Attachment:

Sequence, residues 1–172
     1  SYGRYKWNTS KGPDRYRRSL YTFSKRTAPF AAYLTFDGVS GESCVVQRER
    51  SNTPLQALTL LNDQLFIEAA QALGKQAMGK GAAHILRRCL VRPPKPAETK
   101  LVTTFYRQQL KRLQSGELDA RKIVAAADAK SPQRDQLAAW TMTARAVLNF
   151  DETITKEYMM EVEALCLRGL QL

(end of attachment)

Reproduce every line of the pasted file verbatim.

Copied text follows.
Sequence, residues 1–172
     1  SYGRYKWNTS KGPDRYRRSL YTFSKRTAPF AAYLTFDGVS GESCVVQRER
    51  SNTPLQALTL LNDQLFIEAA QALGKQAMGK GAAHILRRCL VRPPKPAETK
   101  LVTTFYRQQL KRLQSGELDA RKIVAAADAK SPQRDQLAAW TMTARAVLNF
   151  DETITKEYMM EVEALCLRGL QL